Wednesday, March 26, 2008
The Secret Garden by Frances Hodgson Burnett
A friend gave me a nice 'gift' edition of this book several years ago for my birthday. She said it was one of her favorites from childhood. It's one of those books that I somehow missed growing up. I wasn't as avid a reader as I am now, but I did read more than most kids I knew. But, this one slipped through the cracks. I'm so glad my friend gave it to me, and I'm glad I finally pulled it out of the middle of one of the teetering towers of books taking over my house. I loved it. Most of you reading this will have no doubt read this book, but in case there are still those who haven't read it, it's basically a story about two children who are thrown together through a series of circumstances beyond their control. Mary Lennox is a spoiled, willful, 10-year old child living with her parents in India. She's given everything a child could possibly want, except love and affection. She has little contact with her parents and is raised by her Ayah, a nursemaid. The reader learns how Mary came to be the spoiled, unhappy child that she is on the first page of the book.
"Her father had held a position under the English government and had always been busy and ill himself, and her mother had been a great beauty who cared only to go to parties and amuse herself with carefree people. She had not wanted a little girl at all, and when Mary was born she handed her over to the care of an Ayah, who was made to understand that if she wished to please the Mem Sahib she must keep the child out of sight as much as possible. . . She never remembered seeing familiarly anything but the dark faces of her Ayah and the other native servants, and as they always obeyed her and gave her own way in everything, because the Mem Sahib would be angry if she was disturbed by her crying, by the time she was six years old she was a tyrannical and selfish a little pig as ever lived."
During a terrible cholera outbreak, both her parents are stricken and die suddenly along with many of the servants. The few servants that remain flee to escape the epidemic, and Mary is forgotten and left alone. When she is discovered, it's decided that she'll be sent to live with her uncle, Archibald Craven at Misselthwaite Manor in Yorkshire, England. Mary soon learns from the housekeeper that her uncle and his home are both eerily strange.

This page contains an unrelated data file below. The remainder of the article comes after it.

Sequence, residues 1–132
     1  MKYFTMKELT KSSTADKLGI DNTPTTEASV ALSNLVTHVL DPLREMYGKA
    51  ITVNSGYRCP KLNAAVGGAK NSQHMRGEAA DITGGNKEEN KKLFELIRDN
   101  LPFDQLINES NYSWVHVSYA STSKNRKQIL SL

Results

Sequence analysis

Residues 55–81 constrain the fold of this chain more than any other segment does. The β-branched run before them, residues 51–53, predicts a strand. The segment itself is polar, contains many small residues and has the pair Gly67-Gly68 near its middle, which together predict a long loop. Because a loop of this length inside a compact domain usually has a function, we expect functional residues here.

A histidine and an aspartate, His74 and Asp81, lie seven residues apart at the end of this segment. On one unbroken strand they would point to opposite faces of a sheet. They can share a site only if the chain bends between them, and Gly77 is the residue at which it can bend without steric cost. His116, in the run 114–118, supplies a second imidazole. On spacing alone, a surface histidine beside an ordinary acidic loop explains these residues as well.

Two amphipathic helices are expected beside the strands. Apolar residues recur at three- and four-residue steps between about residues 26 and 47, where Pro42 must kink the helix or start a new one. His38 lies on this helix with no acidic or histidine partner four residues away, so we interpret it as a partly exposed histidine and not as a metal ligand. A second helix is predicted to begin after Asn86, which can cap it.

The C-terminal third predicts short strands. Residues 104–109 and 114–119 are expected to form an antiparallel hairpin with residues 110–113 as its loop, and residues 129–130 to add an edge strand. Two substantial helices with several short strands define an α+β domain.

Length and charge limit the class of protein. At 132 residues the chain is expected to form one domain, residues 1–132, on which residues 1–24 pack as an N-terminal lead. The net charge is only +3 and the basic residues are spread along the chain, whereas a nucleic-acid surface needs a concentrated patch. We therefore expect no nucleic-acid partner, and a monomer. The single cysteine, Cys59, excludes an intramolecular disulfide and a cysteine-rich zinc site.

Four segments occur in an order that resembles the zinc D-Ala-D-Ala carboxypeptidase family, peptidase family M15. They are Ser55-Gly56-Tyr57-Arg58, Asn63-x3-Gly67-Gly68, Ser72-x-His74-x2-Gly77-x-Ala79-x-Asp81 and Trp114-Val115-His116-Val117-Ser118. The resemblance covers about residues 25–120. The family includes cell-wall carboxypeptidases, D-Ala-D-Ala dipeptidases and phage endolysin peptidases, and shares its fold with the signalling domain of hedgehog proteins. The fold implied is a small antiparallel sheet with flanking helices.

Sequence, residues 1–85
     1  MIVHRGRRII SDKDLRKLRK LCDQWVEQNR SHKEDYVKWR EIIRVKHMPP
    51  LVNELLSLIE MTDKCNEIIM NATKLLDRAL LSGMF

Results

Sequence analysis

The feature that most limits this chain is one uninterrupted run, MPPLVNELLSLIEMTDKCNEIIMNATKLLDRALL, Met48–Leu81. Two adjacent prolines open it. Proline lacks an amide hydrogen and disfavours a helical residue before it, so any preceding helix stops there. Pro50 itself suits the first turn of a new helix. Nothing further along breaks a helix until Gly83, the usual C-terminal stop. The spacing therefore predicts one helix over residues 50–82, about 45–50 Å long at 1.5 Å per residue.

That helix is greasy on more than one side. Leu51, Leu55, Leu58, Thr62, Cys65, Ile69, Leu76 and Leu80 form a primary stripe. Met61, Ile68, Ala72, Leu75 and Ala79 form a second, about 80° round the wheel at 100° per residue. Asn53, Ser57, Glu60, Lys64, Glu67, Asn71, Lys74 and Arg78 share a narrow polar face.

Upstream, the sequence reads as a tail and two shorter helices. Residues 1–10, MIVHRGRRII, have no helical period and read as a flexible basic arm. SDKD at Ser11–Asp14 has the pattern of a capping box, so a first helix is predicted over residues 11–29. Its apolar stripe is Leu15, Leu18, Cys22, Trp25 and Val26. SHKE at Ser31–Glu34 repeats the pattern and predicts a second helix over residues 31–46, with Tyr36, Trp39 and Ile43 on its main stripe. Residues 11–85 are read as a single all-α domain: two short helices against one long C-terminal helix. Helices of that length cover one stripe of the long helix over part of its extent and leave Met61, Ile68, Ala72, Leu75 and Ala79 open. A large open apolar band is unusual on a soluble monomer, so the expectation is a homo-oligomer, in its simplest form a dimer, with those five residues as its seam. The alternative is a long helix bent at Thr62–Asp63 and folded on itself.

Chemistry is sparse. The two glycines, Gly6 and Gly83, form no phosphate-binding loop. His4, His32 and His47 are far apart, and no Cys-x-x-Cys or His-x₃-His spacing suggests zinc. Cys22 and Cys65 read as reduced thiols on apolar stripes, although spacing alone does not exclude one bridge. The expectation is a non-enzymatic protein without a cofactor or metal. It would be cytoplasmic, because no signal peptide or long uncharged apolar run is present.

" It sounded like something in a book and it did not make Mary feel cheerful. A house with a hundred rooms, nearly all shut up and with their doors locked -- a house on the edge of a moor -- whatsoever a moor was -- sounded dreary. A man with a crooked back who shut himself up also!"
Mary is given two rooms in which she is allowed to live and is told not to go poking around the house. But, Mary soon discovers that there's more to this house than meets the eye. She hears a mysterious cry in the night several times and begins to investigate. She stumbles upon a hidden room in which there is a little boy alone and crying. She soon learns that Mr. Craven has a son who lives a life similar to the one Mary had lived in India. Colin is given anything he wants and knows that the servants must obey his every command, which has made him a very disagreeable little boy. Colin's mother died giving birth to him, and his father hasn't had much of anything to do with his son since. He secretly blames the child for his mother's death and is also afraid that the child will become a hunchback because he's such a sickly, feeble child. Neither Mary nor Colin have ever had a friend, but they find a kinship in their similar circumstances and slowly build a friendship.
Colin is not the only discovery that Mary makes. She stumbles onto a secret garden that has been neglected and locked up for the last ten years (since the death of Mrs. Craven). With the help of a robin, she discovers the hidden key and enters the garden. Mary becomes obsessed with restoring the garden. It's obvious even in its present state, that it was once a very beautiful place with a air of magic. She enlists the help of Dickon, a local village boy with the ability to 'talk' to animals, in helping her bring the garden back to life. The garden begins to work its magic on Mary and Colin and finally plays a role in changing the lives of everyone in the story forever.
This is one of those books that should be read aloud. The language is beautiful. I have no doubt that I'll read this book again at some point. Hopefully to my future grandchildren!